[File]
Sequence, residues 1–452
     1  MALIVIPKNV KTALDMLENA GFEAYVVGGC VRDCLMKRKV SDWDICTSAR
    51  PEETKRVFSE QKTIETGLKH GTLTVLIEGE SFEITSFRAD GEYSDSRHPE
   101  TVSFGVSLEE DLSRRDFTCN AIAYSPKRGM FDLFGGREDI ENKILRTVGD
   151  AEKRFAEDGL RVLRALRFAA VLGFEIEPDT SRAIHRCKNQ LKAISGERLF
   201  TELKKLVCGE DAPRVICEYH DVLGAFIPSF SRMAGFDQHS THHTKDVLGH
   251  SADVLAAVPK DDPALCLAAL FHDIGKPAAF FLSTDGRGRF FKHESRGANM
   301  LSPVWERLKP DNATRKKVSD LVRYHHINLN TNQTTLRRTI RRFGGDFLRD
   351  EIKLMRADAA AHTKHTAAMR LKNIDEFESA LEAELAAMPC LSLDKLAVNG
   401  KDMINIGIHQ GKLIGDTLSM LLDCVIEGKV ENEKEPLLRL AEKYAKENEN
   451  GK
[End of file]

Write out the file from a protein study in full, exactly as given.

Sequence, residues 1–452
     1  MALIVIPKNV KTALDMLENA GFEAYVVGGC VRDCLMKRKV SDWDICTSAR
    51  PEETKRVFSE QKTIETGLKH GTLTVLIEGE SFEITSFRAD GEYSDSRHPE
   101  TVSFGVSLEE DLSRRDFTCN AIAYSPKRGM FDLFGGREDI ENKILRTVGD
   151  AEKRFAEDGL RVLRALRFAA VLGFEIEPDT SRAIHRCKNQ LKAISGERLF
   201  TELKKLVCGE DAPRVICEYH DVLGAFIPSF SRMAGFDQHS THHTKDVLGH
   251  SADVLAAVPK DDPALCLAAL FHDIGKPAAF FLSTDGRGRF FKHESRGANM
   301  LSPVWERLKP DNATRKKVSD LVRYHHINLN TNQTTLRRTI RRFGGDFLRD
   351  EIKLMRADAA AHTKHTAAMR LKNIDEFESA LEAELAAMPC LSLDKLAVNG
   401  KDMINIGIHQ GKLIGDTLSM LLDCVIEGKV ENEKEPLLRL AEKYAKENEN
   451  GK